This is supported by a study conducted with an anaesthetized rabbits Ciprofloxacin (1 - 30 mg/kg) caused a transient dose—related decrease in heart rate, but after a dose ten times higher (300 mg/kg) ventricular tachycardia and arrhythmias were also observed. Although weak evidence linked Ciprofloxacin with QT mediated arrhythmias [56]. It was also reported that administration of (20 mg/kg) intravenously in rats significantly increase QT and QTC intervals [57].

Some recent studies have demonstrated comparative risk of Ciprofloxacin with other fluoroquinolones in guinea pig isolated right ventricular myocyte model. It was observed that Ciprofloxacin and Levofloxacin similarly prolonged action potential duration of 0.6% - 3.3% [58]. This agrees with the finding of Partmore et al., (2000) [59] who reported that Ciprofloxacin significantly prolong action potential duration in left and right ventricular purkinje fibres isolated from canine hearts in a concentration dependant manner. This is further supported by the ability of ciprofloxacin to significantly induce QT interval and action potential prolongation with early after depolarization and torsade de pointes effect [60].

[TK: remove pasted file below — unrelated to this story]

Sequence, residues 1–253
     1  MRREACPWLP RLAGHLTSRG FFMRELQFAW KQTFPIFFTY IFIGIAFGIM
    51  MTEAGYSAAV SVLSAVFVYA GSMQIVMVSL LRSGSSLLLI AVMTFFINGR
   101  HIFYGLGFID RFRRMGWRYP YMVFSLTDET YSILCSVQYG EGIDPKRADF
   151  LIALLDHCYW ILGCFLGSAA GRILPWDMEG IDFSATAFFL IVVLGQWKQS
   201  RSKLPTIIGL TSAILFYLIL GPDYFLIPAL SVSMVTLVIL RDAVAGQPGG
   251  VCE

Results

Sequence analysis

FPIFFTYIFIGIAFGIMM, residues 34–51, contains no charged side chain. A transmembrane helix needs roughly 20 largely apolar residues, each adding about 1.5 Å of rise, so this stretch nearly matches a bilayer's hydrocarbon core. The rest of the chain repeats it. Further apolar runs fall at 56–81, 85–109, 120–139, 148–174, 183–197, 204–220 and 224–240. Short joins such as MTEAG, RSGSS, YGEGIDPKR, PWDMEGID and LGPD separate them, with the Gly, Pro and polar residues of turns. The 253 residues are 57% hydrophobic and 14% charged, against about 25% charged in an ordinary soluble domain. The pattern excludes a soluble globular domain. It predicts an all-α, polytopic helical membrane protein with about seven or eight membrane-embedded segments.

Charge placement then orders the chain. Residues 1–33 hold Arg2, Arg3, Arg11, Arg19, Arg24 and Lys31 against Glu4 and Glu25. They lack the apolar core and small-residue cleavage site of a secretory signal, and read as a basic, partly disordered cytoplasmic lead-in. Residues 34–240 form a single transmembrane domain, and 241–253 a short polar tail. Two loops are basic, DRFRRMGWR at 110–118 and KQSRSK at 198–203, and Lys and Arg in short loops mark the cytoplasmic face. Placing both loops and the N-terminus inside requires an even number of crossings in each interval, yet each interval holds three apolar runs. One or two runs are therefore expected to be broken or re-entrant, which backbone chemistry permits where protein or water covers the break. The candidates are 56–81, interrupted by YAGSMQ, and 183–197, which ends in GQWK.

The effect of intravenous (10 mg/kg) of Ciprofloxacin on the electrocardiogram of healthy dogs was evaluated. Insignificant changes were observed in QT, QTC, PR, and QRS interval, heart rate, ST segment, T wave amplitude. Despite the occurrence of ECG changes following intravenous Ciprofloxacin administration neither dangerous rhythm disturbances nor serious ECG changes were seen in this study [61].

Humans: The cardiotoxic potential of ciprofloxacin has been reported from clinical experience. In a more recent report Prabhakar and Krahn (2004) [62] recorded marked QT prolongation with recurrent syncope and documented tosarde de pointes requiring defibrillation in two female patients following Ciprofloxacin administration. In both cases the QT normalized after cessation of Ciprofloxacin. Ciprofloxacin has also been linked to some cases of serious QT interval lengthening and tosarde de pointes [63].